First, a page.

The Earth's crust contains copious amounts of primordial radioactive substances as a result of geological activities from the dawn of its time. Formed from the interstellar medium that gave rise to the solar system, these unstable elements are unequally distributed across the globe. Due to geological phenomena like weathering of rocks, radioactive substances like thorium-232, potassium-40, and uranium-238 surface from the crust and end up in the soil.
Taking millions of years to diminish to half their original quantity, these radioactive substances release energy in the form of weak gamma rays. While exposure to such weak radiation is typically considered harmless, their effects on humans and the environment, in general, are not well understood. Hence, there's a growing interest to understand the effects of low-level exposure to radioactivity. In a recent study, researchers from Sai Nath University, Ranchi, and Bharathiar University, Coimbatore, set out to quantify the impacts of natural radioactivity on the surrounding environment in the Nilgiris of Tamil Nadu. Their findings have been published in the Journal of Radiation Research and Applied Sciences.
The weathering of rocks in the Western Ghats of southern India, along the coast of Kerala and parts of Tamil Nadu, has yielded monazite soil. Monazite soil is a dense rare-earth mineral often mined for cerium, which is used to polish optical surfaces, and for radioactive thorium, which is used to make telescope lenses. West-flowing rivers, like the Periyar and Pamba, deposit this soil in the jagged coastlines across Kerala, where human settlements are widespread. The natural radioactivity from these deposits releases the most potent dose of radiation, which is further intensified artificially by the fertilisers farmers use for farming.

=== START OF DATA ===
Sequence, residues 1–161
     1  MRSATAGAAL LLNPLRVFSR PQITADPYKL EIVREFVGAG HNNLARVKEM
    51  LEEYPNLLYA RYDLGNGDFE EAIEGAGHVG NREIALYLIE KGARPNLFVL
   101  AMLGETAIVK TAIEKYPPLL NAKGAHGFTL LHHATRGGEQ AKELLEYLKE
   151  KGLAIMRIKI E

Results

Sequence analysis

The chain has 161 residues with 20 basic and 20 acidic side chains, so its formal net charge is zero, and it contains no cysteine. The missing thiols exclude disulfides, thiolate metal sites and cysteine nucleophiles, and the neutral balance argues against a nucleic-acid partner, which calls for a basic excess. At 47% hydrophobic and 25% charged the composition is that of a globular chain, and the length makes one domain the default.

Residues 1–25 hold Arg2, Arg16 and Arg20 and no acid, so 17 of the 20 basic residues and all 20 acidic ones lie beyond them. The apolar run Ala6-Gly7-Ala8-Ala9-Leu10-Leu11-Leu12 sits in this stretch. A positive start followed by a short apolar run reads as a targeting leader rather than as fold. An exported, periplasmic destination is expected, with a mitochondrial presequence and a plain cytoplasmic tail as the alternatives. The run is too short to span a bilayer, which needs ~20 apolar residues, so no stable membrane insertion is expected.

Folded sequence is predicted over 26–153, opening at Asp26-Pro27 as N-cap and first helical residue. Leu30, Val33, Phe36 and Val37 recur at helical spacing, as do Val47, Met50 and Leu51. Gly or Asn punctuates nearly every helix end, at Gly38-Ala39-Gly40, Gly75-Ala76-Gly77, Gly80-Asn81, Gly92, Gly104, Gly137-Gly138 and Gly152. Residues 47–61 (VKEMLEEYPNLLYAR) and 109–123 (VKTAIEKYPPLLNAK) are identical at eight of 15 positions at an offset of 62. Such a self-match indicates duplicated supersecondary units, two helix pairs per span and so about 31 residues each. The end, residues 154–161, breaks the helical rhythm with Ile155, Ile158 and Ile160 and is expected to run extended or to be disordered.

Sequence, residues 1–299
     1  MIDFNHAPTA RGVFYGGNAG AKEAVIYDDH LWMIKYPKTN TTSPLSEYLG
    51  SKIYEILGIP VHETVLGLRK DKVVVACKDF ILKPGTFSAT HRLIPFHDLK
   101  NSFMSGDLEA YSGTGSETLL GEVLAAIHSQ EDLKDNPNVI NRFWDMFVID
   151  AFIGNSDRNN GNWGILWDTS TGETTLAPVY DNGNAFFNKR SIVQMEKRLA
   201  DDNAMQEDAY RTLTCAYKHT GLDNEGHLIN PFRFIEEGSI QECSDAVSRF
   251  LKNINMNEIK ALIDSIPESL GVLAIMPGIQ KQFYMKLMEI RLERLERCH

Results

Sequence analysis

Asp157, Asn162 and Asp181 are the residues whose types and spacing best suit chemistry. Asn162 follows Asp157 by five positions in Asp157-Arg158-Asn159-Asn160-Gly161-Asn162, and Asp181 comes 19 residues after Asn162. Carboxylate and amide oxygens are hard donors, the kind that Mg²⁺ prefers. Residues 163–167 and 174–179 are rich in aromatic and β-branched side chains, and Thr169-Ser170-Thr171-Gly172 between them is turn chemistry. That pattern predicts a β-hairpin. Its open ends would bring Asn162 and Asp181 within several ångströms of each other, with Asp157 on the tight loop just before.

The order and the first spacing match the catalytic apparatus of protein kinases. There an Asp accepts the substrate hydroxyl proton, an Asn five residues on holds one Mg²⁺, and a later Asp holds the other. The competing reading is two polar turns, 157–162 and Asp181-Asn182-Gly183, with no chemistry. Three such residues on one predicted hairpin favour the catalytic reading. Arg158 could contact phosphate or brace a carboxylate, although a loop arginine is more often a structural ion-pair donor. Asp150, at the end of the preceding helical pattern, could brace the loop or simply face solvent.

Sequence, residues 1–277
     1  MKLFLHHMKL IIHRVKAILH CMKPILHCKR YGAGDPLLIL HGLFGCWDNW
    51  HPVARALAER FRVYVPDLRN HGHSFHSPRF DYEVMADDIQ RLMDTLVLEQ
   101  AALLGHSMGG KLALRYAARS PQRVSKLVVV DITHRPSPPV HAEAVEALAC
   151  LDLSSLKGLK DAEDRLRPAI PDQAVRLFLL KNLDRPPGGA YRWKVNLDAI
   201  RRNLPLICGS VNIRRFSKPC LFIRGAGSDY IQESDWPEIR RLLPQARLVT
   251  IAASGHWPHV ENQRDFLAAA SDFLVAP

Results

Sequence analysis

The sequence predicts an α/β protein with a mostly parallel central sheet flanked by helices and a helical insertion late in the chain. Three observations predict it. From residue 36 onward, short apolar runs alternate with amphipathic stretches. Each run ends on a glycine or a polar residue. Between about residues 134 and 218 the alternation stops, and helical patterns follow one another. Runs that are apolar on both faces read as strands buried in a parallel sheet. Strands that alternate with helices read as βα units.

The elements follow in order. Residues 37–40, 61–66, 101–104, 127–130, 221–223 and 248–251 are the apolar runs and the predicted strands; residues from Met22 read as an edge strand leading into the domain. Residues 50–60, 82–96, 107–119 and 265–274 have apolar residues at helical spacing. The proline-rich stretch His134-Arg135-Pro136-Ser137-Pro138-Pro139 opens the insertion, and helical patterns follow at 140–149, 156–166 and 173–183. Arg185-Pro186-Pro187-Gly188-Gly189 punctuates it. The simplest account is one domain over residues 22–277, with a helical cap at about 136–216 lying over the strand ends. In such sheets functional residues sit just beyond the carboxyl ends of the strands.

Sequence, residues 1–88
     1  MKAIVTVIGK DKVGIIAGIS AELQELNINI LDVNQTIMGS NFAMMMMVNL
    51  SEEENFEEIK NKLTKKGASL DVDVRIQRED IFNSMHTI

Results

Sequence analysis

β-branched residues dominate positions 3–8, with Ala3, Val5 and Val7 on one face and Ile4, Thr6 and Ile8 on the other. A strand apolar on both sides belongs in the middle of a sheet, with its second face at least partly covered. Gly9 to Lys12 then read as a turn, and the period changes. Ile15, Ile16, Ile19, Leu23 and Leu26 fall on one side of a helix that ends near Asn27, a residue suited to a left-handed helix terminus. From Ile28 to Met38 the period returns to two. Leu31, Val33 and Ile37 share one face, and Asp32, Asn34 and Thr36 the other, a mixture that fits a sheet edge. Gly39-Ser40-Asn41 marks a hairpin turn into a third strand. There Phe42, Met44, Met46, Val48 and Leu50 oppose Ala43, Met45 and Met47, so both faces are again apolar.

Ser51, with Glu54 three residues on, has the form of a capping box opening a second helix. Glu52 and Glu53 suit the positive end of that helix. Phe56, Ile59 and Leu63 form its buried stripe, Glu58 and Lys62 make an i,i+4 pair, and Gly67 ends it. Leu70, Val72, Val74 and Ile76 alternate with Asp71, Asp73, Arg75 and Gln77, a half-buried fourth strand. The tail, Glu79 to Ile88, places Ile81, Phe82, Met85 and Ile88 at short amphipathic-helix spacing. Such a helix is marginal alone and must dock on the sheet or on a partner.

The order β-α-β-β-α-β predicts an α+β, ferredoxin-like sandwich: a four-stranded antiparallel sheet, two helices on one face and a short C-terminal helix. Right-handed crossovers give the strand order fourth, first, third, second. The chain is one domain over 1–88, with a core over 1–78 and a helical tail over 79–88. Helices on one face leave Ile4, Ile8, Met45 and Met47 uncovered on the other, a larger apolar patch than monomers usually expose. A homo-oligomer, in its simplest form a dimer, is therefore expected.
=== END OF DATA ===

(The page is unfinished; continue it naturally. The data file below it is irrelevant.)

The researchers of this study collected soil samples from around the Nilgiris and measured the intensity of gamma radiation from the samples. They then determined if this radiation released due to radioactivity in the soil is within the safety limits for long term exposure.
The radioactivity of different radionuclides — an atom with excess nuclear energy — is expressed relative to the radioactivity of radium. The researchers obtained the radium equivalent values for Thorium-232, Potassium-40, and Uranium-238 to determine the safety of the soil samples. These values are crucial to establish a baseline measurement of radioactivity to carry out further studies in the area, they say.
The researchers used a standard dosimeter — a device that measures the external radiation — to calculate the dose rate — the amount of radiation per unit time outdoors — at 25 different locations around the Nilgiris to ascertain the radiation in the air. Surprisingly, the average terrestrial dose rate over the sampled areas turned out to be almost two times the world average, with thorium alone contributing to over 70% of the radiation.
Although the mean radium-equivalent dose rate in the study area was well below the safety limits, the observed average rise in dose rate over the global average, the researchers speculate, is contributed by cosmogenic nuclides, which are formed when cosmic rays bombard the stable nuclides in the atmosphere. Since the Western Ghats is 2400 metres above sea level, the region is much more prone to cosmic rays than other low-level areas. Unlike in other areas, these atmospheric radionuclides play a significant role in defining the radioactivity of this region, say the researchers.
Further, the researchers also measured the exposure rates in humans living in the Western Ghats to quantify the risks involved due to long-term exposure to such radiations. Their calculations followed the standards set by the United Nations Scientific Committee on the Effects of Atomic Radiation. The results revealed that the risk of cancer is negligible since the value is well below the permissible limit. Although the average hazard indices, like the cancer risk index, are higher than in other parts of the world, the radioactivity in the region is not of serious concern. At the moment, they seem to have no profound effect on humans living in these parts, say the researchers.